Quality Of LIfe Tool for IBD

2016-03-15 04:38:23 | BioPortfolio


This study seeks to test the feasibility of a self-management manual with minimal telephone support by a healthcare professional. The study will also explore the acceptability of the intervention manual to patients.


Psychological distress and poor quality of life are common in Long Term Conditions (LTCs) including Inflammatory Bowel Disease (IBD). Rates of depression are 11-21% in people with IBD (pwIBD) with high levels of anxiety in 41%. Additionally, as diagnosis typically occurs at 15-40 years, educational and employment attainment can be effected and symptoms and medical procedures such as diarrhoea and colonoscopies can be stressful and embarrassing. The relapsing and remitting nature can also cause uncertainty and fear of social integration.

Most of the psychosocial literature in IBD has focused on the potential impact of stress and recording the prevalence and non-modifiable predictors of depression and anxiety such as active disease, hospitalisation, surgery (particularly stoma formation) and unemployment. Less research in IBD has investigated potentially modifiable factors known to be related to distress and quality of life in other LTCs such as illness perceptions, social support and coping strategies, although one study has found a similar association in IBD. This is of particular interest due to the potential behavioural and physiological pathways through which they could impact on health and quality of life.

Psychosocial interventions in IBD to date have focused on stress management or Cognitive Behavioural Therapy (CBT) to reduce distress and improve quality of life. Although small sample studies have shown small to moderate benefits of the interventions, these approaches are time consuming and resource intensive such as group or individual therapy. This can result in low adherence and retention due to the required time commitment, but more importantly are not widely applicable in the NHS due to limited available expertise and in particular, their cost. Psychological interventions are most effective when tailored specifically to disease-related factors and the patients' developmental stage. Such interventions are currently lacking for IBD.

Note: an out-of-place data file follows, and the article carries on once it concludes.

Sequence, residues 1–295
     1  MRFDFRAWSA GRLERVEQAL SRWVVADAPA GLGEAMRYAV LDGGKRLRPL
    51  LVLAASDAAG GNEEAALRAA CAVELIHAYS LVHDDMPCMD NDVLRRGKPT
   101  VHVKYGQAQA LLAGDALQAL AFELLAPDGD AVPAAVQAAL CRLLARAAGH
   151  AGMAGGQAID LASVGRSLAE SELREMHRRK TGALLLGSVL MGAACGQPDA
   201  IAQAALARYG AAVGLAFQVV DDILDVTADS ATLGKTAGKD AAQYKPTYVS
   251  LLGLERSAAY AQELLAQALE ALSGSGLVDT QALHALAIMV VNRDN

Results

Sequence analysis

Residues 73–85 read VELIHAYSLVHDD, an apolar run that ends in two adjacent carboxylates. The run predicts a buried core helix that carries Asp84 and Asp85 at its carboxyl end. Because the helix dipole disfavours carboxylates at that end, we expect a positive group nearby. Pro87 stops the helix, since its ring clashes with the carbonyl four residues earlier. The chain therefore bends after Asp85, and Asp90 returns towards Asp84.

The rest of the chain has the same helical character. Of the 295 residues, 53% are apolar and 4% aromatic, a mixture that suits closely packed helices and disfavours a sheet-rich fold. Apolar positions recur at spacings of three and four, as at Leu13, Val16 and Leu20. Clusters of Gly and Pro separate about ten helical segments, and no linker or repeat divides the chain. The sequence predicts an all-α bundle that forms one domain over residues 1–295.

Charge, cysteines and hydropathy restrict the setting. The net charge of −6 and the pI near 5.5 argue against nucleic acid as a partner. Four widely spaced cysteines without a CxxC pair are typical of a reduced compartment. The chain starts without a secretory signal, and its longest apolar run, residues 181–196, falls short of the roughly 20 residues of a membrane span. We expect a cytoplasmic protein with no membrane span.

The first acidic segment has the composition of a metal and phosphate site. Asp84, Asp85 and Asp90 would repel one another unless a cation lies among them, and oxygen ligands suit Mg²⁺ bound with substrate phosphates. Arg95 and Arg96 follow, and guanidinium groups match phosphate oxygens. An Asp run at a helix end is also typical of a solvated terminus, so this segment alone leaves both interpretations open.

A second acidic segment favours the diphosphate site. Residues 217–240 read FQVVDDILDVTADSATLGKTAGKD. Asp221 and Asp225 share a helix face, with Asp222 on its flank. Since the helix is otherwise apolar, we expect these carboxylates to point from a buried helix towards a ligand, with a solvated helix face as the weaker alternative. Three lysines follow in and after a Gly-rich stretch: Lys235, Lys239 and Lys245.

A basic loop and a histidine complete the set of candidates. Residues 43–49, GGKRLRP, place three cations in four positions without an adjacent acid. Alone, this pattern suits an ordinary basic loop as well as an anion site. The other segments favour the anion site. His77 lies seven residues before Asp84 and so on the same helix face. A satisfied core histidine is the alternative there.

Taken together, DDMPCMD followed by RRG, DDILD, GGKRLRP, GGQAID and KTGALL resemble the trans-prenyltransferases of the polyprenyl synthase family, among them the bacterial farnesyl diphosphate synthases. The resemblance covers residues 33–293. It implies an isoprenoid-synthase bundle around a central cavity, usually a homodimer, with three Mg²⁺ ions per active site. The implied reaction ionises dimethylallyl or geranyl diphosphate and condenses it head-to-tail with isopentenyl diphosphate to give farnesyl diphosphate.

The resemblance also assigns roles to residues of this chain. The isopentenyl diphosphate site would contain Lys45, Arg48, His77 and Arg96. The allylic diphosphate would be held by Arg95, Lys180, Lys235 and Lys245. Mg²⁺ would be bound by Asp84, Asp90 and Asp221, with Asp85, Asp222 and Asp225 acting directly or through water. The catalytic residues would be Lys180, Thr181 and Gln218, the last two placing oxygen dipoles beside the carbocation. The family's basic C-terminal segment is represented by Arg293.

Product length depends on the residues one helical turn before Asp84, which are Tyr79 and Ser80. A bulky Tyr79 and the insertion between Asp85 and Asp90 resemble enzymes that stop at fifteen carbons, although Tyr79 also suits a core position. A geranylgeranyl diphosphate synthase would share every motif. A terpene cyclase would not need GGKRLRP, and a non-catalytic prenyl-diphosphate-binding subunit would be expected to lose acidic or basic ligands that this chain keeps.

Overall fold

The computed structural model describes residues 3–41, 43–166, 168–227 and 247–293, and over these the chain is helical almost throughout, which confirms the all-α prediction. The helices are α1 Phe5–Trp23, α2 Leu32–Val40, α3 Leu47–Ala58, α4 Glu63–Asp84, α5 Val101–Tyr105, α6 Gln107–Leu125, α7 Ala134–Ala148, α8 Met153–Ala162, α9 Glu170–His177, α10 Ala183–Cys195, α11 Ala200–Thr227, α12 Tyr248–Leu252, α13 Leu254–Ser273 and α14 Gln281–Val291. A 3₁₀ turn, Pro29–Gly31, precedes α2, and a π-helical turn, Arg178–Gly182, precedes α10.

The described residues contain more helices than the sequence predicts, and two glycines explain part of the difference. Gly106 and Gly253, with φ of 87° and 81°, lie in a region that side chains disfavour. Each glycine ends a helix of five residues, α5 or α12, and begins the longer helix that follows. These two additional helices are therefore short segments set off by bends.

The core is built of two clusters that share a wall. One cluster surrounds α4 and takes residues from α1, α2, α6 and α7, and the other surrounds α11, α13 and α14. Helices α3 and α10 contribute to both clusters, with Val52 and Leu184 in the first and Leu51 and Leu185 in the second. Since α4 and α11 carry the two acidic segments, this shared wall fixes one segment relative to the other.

An alternative to therapist-led intervention is to promote self-management through paper or online self-help interventions supplemented by minimal guided support by a health care professional. This type of supported, self-directed intervention is cost-effective and has shown strongest results when targeted to the needs of specific diseases. There is currently no similar self-directed manual for IBD available. This type of supported, self-directed intervention can be incorporated into standard care where required, is cost-effective and has the potential to support pwIBD to successfully adjust to their LTC for better clinical and quality of life outcomes. Although most people will not require intensive psychological therapy for debilitating distress, structured support to adjust to the many demands that IBD places on people could help to bridge the gap for the 40-50% of pwIBD that show moderate levels of distress, improving their quality of life and management of the illness.

Sample size justification: A sample size of 30 per group is in line with recommendations for pilot studies where the aim is to determine the feasibility of a future efficacy study by estimating the treatment effect (for a power calculation) and estimating rate of non-completion of the intervention. A minimum total sample size of 50 (i.e. 25 per group) is recommended to allow for a precise estimate of the pooled standard deviation at the post intervention assessment. Increasing the number to 30 per group allows for non-completion of up to 20%. Furthermore, a sample size of 30 per group allows for an acceptably precise estimate of the non-completion rate; a 95% confidence interval less than +/-11% for completion rates of 80% or higher.

Adults (>18 years) with IBD will be provided with an information sheet and invited to participate in the study. Following informed consent and the completion of baseline questionnaires, participants will be randomised to receive either intervention + treatment as usual (treatment group) or treatment as usual (control group). Randomisation will be completed by King's College London Clinical Trials Unit independently of the research team so that the researchers remain blind to condition.

As recommended for a pilot or feasibility study, results will be mainly descriptive and will include; proportion of eligible people; consent rate; retention rate. We plan on using an intention-to-treat regression analysis and include the pre measure as a covariate. This data will allow for effect sizes and feasibility to be determined in order to adequately power a full trial of the intervention in a follow-up study. Thematic analysis of the qualitative feedback data will be conducted by a member independent of the research team.

Study Design

Allocation: Randomized, Intervention Model: Parallel Assignment, Masking: Single Blind (Outcomes Assessor), Primary Purpose: Treatment


Inflammatory Bowel Disease


Quality Of LIfe Tool for IBD (QOLITI)


Health Psychology Section, Psychology Dept, Institute of Psychiatry, King's College London
United Kingdom




King's College London

Results (where available)

View Results


Published on BioPortfolio: 2016-03-15T04:38:23-0400

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